Safeguarding non-mobile babies

baby

Safeguarding Social Worker Beverley McWilliams provides guidance to suppport for clinicians when considering making safeguarding referrals for non-mobile babies. 

What are some of the physical stages of a baby’s development up to the age of 1 years old?
For the first few months of a baby’s life they will be happy lying on their back.
From four to five months old, they will start to try and roll onto their body/front by themselves.
Between six to nine months a baby’s arms and legs should have developed strong enough for them roll over without assistance.

Most babies will start to crawl from six to ten months old. They will start by rolling onto their stomach, then pushing themselves along using their arms and feet and sometimes shuffling along on their bottom for short distances. Babies will then progress to pushing themselves up on all fours and crawling.

From the ages of between six to eight months a baby will be able to stand up, holding on to an adult  or furniture, from eight to ten months a baby is able to pull themselves up to a standing position and from nine months old a baby is able to stand up for two seconds.

From ten months onwards a baby will be able to stand on their own, they will then move onto what is known as ‘cruising’, they are beginning test their walking skills by holding an adult’s hand or holding onto furniture.
Before a baby or infant reaches 1 years old or up to 18 months they will normally start to walk independently for short distances.

What is the definition of a Non-mobile baby?
Baby
– is defined as less than 12 months old and at 1 years old they would be classed as an infant.
(Note. A child over 12 months of age might be considered as non-mobiles if they were developmentally delayed or disabled)

Mobile – a baby who can crawl, pull themselves up to stand, ‘cruise’ around furniture or is toddling.

Non-mobile – this a baby who cannot do any of the above. Babies that can roll are classed as non-mobile. When considering a safeguarding concern for a baby, crew should take into account their reported age and development then, dependant on the severity of the injury, if the account given is plausible.

Injury – bruises, fractures, burns/scalds, eye injuries (e.g. corneal abrasion, bleeding from the nose or mouth, bumps to the head), these would constitute a safeguarding concern. Small scratches to the face, ears, arms, or legs might have been self-inflicted by the baby.

Are all marks on a baby’s body a safeguarding concern?
Blue spots birth marks (‘Mongolian blue spot’) – these are not always present at birth and can develop up to 3 months old. The marks are often flat and blue-grey. They typically can be found on the buttocks or lower back of a baby, but may also be found on the arms or legs. A GP Midwife or Health Visitor should have recorded this information in the ‘My personal child health record’ (Red Book).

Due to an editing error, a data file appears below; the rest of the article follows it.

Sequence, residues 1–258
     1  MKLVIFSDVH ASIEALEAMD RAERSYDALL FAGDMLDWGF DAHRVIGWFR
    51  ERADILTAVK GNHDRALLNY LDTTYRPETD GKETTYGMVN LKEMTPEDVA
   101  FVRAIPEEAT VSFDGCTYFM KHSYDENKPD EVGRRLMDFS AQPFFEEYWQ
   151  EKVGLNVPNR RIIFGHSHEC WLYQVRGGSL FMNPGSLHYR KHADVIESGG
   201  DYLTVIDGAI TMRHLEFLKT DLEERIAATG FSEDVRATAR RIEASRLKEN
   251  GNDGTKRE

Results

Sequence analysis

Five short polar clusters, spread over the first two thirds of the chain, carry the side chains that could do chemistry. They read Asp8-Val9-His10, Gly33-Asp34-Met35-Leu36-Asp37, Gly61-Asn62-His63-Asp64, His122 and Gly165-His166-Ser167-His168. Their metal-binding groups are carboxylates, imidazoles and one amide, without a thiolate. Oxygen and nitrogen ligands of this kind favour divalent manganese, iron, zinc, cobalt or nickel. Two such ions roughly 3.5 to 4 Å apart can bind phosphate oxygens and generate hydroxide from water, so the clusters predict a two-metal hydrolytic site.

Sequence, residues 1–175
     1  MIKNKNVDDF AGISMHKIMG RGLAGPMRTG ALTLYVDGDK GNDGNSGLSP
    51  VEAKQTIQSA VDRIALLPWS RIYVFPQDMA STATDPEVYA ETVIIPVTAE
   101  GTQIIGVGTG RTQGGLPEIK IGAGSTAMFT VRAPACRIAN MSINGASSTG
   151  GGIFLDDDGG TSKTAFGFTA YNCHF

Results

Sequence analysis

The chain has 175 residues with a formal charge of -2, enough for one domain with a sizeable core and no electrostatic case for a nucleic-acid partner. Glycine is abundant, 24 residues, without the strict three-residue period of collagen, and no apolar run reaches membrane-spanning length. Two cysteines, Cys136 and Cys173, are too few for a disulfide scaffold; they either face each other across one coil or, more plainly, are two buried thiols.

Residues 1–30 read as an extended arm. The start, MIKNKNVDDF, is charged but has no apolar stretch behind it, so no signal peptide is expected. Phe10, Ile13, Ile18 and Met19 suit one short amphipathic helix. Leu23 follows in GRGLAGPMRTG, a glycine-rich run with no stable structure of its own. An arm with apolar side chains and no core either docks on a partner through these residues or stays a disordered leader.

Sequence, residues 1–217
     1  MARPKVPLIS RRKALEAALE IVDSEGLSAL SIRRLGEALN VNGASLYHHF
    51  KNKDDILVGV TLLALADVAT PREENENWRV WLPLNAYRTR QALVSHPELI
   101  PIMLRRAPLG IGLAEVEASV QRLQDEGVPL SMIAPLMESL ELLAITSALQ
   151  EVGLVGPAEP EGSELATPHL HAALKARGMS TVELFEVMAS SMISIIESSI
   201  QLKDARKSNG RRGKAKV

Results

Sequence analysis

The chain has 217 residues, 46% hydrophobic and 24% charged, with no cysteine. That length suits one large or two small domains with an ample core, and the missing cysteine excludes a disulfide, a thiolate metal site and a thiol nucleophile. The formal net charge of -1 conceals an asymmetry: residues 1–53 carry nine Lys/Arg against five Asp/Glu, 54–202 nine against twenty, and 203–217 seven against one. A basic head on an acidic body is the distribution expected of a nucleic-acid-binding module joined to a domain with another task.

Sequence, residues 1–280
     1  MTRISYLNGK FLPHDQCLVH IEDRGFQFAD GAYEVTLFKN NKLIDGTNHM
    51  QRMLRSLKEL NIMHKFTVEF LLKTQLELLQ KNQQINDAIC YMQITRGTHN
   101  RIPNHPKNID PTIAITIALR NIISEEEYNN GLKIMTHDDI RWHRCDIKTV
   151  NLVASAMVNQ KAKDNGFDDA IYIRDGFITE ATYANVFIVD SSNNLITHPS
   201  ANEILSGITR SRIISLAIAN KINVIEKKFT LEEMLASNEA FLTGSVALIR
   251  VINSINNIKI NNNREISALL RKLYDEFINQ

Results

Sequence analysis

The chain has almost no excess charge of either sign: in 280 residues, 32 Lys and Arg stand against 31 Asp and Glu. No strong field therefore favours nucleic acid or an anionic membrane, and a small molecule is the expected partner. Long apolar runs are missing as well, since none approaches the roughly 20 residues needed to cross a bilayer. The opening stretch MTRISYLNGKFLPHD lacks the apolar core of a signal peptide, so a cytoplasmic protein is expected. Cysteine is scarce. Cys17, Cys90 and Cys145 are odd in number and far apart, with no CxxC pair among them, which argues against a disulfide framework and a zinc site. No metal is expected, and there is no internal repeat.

Birthmarks – these are coloured marks on the skin that are present at birth or soon afterwards. They can be flat, red, pink, or brown in colour; however, the pigmentation can be darker in colour and is dependent on the ethnicity of the baby. Birth marks are often located anywhere on the body i.e. arms, legs, abdomen, face, and head.

What information will support a safeguarding referral to SPOC for a Non-mobile baby?
Clinicians attending to an incident where there is a safeguarding concern for a non-mobile baby, may be in a unique position to obtain the first account of how the injury was caused, which is important to  assist a Paediatrician obtaining a timeline of the injury. The questions in the Safeguarding pathway will assist the referrer in sharing information to support their concerns and in turn can assist in the understanding of the timeline of a child’s injuries.

Here are some examples of the safeguarding questions:

  • When or where did the incident occur?
  • Describe the injury (location and size), was the child supervised at the time of the injury and if yes, by who?  
  • What was the explanation given by an adult in relation to the incident?
  • Is there someone that you suspect has caused or allowed the abuse or neglect? 

The information gathered as part of Paramedic’s referral can also assist the Police and Social Workers to put in place safeguarding measures or in some cases this information can be used as evidence to support a prosecution.   

References:

Early Years Matters 2020

Healthline 2005 – 2020

Social Care Institute for Excellence

 

 

Published 23rd June 2020

 

 

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